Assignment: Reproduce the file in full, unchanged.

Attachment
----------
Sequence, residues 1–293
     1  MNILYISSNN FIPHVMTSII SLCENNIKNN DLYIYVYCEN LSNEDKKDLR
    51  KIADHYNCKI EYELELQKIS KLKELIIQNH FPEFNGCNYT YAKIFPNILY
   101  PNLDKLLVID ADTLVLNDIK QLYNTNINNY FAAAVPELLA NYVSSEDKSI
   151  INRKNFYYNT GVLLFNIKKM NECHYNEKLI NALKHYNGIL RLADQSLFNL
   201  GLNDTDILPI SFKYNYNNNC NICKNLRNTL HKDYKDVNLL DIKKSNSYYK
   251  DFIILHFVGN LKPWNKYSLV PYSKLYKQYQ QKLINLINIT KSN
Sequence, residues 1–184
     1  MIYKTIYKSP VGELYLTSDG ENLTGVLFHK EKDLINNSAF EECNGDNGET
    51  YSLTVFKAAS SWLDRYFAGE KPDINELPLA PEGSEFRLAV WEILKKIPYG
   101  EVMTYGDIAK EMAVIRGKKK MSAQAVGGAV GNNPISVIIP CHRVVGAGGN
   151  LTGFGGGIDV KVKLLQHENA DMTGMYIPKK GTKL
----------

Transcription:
Sequence, residues 1–293
     1  MNILYISSNN FIPHVMTSII SLCENNIKNN DLYIYVYCEN LSNEDKKDLR
    51  KIADHYNCKI EYELELQKIS KLKELIIQNH FPEFNGCNYT YAKIFPNILY
   101  PNLDKLLVID ADTLVLNDIK QLYNTNINNY FAAAVPELLA NYVSSEDKSI
   151  INRKNFYYNT GVLLFNIKKM NECHYNEKLI NALKHYNGIL RLADQSLFNL
   201  GLNDTDILPI SFKYNYNNNC NICKNLRNTL HKDYKDVNLL DIKKSNSYYK
   251  DFIILHFVGN LKPWNKYSLV PYSKLYKQYQ QKLINLINIT KSN
Sequence, residues 1–184
     1  MIYKTIYKSP VGELYLTSDG ENLTGVLFHK EKDLINNSAF EECNGDNGET
    51  YSLTVFKAAS SWLDRYFAGE KPDINELPLA PEGSEFRLAV WEILKKIPYG
   101  EVMTYGDIAK EMAVIRGKKK MSAQAVGGAV GNNPISVIIP CHRVVGAGGN
   151  LTGFGGGIDV KVKLLQHENA DMTGMYIPKK GTKL